ASTEROIDS, COMETS and small moons


Asteroids vary in size by an order of magnitude more orders of magnitude, than do the terrestrial planets. 

This makes them difficult to classify; Vesta and Itokawa are in most respects (size, gravity, structure) less similar to one another than Jupiter is to the Earth. 

Yet Vesta is the parent body of thousands of Itokawa-sized asteroids, so there is connection across vast scales.

Vesta, Mathilde, Eros and Itokawa shown to scale.  Figure composite by Katherine Armstrong.

Keep scrolling for more images.  Those interested in small bodies may be interested in my forthcoming textbook “Asteroids: Their Origin, Geoohysics and Exploration”, and in this review article I wrote in 2009.

A striking image of the northern limb of Phoebe, one of the icy irregular moons of Saturn, thought to be a captured comet.

Knock yourself out on other high resolution NASA Cassini imagery of Phoebe and other novel satellites here.

In a dozen or so labs around the world, bits and chips of Wild 2’s outgassed dust grains are being studied with excruciating precision for clues to the origin of solar systems.  NASA’s Stardust mission, led by Donald Brownlee of the University of Washington, gave us the astonishing result that the ice-rich bodies of the outer solar system contain highly refractory materials that must have originated in the fires of the inner solar system.  The coma in this image is greatly contrast-enhanced to reveal the outgassing; the actual comet is black as coal

Here’s a Hubble Space Telescope view of asteroid Vesta, a ~500 km diameter differentiated body.  It is a tiny terrestrial planet with a rocky mantle over an iron core, and the second largest asteroid after Ceres.  An impact caused it to lose a big portion of its southern hemisphere -- not too different from what happened to Mars. NASA’s Dawn mission, led by Christopher Russell of UCLA, will arrive in a few short years to tell us all about it, and I think it is going to be one of the most fascinating space missions ever.

And now for something completely different.  Here is Ida (seen by NASA’s Galileo spacecraft en route to Jupiter) and its moon Dactyl (inset) -- the first confirmed asteroid satellite system.  Just look at that tiny thing. We now know that binaries are common.

Here is asteroid Phobos in a Viking Orbiter image.  Not an asteroid, you say? True enough -- it is a small satellite of Mars, the size of Mt. Shasta (about 20 km diameter), with a density of around 1.9 g/cm3 consistent with a rubble pile structure. 

Mars is close to the asteroid Main Belt, and binaries are common -- this makes it likely that Mars captured Phobos within the past ~0.1-1 Ga in a dynamical exchange with a binary system, in the Manner that Triton was captured around Neptune according to the 2005 model by Craig Agnor and Doug Hamilton.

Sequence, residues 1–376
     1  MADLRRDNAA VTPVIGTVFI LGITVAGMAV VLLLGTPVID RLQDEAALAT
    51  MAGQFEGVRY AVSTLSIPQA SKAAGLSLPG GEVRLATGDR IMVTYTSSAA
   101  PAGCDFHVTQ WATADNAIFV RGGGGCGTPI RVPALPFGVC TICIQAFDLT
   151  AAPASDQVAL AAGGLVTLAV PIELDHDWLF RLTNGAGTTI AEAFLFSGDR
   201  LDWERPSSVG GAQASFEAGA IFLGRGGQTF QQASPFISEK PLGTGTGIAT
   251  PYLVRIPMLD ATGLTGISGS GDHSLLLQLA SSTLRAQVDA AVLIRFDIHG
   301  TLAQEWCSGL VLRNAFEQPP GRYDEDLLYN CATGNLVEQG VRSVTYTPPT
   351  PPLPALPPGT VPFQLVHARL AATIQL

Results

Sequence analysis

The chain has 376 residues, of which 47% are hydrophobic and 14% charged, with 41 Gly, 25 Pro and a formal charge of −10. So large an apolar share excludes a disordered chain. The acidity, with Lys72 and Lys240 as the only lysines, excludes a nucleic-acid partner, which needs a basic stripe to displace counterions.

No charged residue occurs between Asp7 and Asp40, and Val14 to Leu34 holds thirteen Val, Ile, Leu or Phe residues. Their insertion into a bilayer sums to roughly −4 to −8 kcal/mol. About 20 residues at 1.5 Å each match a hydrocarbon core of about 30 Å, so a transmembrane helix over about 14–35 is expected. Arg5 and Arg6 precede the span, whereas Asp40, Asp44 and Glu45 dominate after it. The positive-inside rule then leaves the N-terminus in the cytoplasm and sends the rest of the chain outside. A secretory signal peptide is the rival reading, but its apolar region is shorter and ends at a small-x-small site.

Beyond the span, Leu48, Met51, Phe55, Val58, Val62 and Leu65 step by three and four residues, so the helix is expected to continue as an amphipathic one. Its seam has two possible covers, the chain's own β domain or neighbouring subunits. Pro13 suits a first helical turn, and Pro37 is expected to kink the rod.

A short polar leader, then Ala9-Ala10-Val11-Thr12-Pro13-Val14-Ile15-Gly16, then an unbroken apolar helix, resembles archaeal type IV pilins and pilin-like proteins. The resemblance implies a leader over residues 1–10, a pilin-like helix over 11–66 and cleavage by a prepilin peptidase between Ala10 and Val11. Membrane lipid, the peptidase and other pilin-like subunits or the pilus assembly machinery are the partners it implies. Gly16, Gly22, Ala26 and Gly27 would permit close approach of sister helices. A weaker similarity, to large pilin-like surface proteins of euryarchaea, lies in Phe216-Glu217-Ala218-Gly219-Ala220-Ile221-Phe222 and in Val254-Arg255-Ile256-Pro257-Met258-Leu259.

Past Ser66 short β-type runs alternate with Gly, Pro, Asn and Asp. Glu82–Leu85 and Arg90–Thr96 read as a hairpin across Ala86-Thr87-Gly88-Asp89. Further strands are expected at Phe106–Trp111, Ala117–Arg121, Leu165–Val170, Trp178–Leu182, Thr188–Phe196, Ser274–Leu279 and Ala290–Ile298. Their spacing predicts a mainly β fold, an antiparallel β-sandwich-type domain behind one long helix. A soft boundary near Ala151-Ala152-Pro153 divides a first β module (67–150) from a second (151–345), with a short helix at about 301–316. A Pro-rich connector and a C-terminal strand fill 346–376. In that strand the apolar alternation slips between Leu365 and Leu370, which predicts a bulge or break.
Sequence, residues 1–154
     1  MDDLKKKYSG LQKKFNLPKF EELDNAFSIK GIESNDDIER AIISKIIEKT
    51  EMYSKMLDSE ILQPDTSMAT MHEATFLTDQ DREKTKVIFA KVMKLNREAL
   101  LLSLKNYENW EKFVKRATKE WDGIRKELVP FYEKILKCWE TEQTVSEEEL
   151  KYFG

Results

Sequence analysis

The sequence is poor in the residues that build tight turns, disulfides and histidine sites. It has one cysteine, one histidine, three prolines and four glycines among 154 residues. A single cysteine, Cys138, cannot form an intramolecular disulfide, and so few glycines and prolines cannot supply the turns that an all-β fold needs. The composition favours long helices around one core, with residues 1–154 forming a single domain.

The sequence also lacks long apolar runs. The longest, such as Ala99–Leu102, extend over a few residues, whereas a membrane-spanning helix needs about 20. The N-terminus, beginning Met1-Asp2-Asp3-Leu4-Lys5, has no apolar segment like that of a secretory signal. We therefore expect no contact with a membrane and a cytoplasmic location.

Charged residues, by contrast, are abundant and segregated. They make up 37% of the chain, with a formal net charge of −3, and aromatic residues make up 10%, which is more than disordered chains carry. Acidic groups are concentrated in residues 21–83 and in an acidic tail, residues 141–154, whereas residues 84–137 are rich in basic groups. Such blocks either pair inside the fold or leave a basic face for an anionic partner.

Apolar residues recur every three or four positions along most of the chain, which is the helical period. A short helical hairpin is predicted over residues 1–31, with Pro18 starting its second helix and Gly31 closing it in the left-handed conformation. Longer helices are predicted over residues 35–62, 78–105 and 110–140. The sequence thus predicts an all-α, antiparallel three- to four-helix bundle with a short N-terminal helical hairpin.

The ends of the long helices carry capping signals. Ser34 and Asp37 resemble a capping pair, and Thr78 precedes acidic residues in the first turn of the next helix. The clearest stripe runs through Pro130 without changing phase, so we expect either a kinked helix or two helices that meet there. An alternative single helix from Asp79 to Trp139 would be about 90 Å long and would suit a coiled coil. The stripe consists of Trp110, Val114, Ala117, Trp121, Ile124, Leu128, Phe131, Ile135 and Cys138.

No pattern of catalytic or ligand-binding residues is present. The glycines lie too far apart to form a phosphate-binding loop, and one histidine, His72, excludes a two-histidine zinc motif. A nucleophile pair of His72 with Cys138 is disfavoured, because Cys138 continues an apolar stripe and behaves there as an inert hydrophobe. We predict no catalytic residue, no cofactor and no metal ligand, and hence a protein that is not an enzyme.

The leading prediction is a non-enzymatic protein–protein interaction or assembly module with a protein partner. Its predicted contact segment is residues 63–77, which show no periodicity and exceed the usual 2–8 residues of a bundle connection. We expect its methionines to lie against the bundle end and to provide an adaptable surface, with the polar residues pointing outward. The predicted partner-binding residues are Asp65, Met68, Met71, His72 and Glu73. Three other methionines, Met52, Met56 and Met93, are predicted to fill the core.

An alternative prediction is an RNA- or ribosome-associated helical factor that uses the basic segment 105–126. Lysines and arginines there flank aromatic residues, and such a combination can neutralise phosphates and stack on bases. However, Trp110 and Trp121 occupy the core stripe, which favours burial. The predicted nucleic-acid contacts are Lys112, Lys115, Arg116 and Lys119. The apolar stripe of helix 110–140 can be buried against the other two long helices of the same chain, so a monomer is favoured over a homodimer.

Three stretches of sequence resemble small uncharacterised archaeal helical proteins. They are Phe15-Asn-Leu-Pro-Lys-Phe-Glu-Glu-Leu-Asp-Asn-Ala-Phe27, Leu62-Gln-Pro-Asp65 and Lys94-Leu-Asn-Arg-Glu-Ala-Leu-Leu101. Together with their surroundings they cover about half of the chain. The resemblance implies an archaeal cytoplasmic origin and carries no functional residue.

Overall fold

Kaboom!  Actually, in space nobody can hear you go kaboom. On July 4, 2005 NASA perfected the art of crashing spacecraft into small bodies -- no small trick hitting something this small, this far away, this fast!  It’s like hitting a bullet, with another bullet, while riding a speeding train.

Shown is comet Tempel 1 moments after a ~350 kg copper projectile struck it at 10 km/s, imaged by the flyby spacecraft. A daring mission proposed and led by Michael A’Hearn of the University of Maryland, Deep Impact was the first active experiment on a minor body.

Speaking of comets going kaboom, here is an artist’s rendering (Don Davis) showing the fragments of comet Shoemaker-Levy 9 impacting Jupiter in July 1994.  The comet split apart 2 years earlier, in a tidal disruption event that inspired the hit-and-run idea for giant impacts.

I watched the impacts in front of Jeff Moore’s house in suburban Mountain View, through an 8” Newtonian telescope. Amidst street lamps and all that we gave it a try.  It was awe-inspiring to see the new blemishes on the surface of Jupiter rotate into view!

NASA’s only mission to a near-Earth object launched almost 13 years ago.  It’s time for another!  The Near Earth Asteroid Rendezvous mission first flew by the large (53 km) and seriously underdense (1.3 g/cm3) asteorid Mathilde -- a charcoal colored cosmic puff-ball, and the only C-type asteroid observed up close to date.

Above is Eros, the largest of the Amor asteorids, whose craters are all named for famous lovers!  It was the main event for the NEAR mission; check it out!